According to U.S. Census Bureau polling data from late June, 16.5 percent of households with children said their children sometimes or often didn't eat enough within the past week befause they couldn't afford enough food. "These high rates of child food insecurity should not be confused with the even higher share of food insecure households with children (27.5 percent); these households may but do not necessarily have food insecure children because parents buffer children from deprivation if able," Bauer reports. "This means that last month, in about two-thirds of food insecure households with children, there was evidence of child food insecurity."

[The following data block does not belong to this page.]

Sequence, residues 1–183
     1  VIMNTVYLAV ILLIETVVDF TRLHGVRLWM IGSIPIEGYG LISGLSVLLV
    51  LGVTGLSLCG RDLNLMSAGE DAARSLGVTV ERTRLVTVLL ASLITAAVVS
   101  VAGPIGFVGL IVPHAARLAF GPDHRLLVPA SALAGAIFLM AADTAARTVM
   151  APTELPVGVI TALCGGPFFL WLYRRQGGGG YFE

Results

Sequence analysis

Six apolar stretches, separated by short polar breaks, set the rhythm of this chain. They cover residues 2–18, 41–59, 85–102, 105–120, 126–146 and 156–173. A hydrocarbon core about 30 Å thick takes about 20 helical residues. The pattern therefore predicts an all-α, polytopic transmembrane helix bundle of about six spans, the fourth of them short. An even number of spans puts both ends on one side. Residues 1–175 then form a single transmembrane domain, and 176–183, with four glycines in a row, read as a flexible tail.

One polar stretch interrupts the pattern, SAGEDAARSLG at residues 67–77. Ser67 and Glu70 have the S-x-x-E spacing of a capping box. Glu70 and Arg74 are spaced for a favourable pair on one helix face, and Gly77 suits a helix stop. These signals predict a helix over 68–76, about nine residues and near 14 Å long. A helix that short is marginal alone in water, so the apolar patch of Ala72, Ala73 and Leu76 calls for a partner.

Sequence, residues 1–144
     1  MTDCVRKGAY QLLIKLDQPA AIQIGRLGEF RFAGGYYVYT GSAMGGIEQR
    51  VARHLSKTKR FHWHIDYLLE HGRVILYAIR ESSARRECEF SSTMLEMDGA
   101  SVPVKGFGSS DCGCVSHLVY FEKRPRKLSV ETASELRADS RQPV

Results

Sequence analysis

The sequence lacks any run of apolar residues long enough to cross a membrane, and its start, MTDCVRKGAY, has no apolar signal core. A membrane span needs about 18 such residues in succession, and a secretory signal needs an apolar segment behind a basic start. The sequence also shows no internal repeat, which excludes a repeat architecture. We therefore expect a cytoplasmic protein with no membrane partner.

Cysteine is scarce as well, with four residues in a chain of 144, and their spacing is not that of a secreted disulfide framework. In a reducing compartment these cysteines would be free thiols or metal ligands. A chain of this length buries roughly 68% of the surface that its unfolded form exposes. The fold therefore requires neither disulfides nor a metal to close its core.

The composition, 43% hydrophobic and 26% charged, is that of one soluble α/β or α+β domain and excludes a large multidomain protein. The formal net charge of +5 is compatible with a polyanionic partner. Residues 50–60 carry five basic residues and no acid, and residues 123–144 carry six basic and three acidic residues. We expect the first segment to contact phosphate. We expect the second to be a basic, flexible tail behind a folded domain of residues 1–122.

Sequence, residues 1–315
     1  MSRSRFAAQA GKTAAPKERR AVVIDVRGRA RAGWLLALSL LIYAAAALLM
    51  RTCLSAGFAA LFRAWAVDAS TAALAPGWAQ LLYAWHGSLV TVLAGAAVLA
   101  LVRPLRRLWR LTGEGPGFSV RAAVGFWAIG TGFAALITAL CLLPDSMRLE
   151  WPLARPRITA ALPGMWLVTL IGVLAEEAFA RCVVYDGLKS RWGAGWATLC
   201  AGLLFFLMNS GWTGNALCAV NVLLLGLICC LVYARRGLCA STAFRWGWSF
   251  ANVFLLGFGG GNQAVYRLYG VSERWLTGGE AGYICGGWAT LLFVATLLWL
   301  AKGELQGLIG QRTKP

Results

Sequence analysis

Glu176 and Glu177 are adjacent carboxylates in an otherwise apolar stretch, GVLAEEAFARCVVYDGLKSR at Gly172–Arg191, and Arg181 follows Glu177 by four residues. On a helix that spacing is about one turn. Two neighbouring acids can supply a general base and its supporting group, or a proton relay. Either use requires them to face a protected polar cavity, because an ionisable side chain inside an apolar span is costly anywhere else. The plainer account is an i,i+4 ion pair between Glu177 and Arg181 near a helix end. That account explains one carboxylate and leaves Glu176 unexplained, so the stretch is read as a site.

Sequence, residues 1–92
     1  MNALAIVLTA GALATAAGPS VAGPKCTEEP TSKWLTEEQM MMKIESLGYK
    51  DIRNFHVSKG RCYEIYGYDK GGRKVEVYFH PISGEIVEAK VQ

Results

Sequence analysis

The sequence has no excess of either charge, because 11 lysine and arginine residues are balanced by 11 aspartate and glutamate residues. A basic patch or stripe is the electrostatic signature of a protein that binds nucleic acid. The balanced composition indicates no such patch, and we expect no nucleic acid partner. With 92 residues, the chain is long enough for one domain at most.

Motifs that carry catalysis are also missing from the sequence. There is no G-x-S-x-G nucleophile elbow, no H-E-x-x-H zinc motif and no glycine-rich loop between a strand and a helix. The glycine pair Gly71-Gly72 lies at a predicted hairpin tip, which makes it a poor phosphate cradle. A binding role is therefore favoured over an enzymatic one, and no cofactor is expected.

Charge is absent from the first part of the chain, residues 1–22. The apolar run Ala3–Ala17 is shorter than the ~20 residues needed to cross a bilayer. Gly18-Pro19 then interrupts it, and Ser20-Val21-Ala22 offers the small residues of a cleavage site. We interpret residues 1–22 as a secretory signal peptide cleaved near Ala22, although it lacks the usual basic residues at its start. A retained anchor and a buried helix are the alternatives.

It's unclear how the pandemic has affected rural child hunger specifically. However, even before the pandemic, rural households were more likely to rely on the Supplemental Nutrition Assistance Program, formerly known as food stamps. In 2018, 85 of the 100 counties that relied most on SNAP were rural. It's not an exact metric for hunger, but suggests that hunger is disproportionately rural.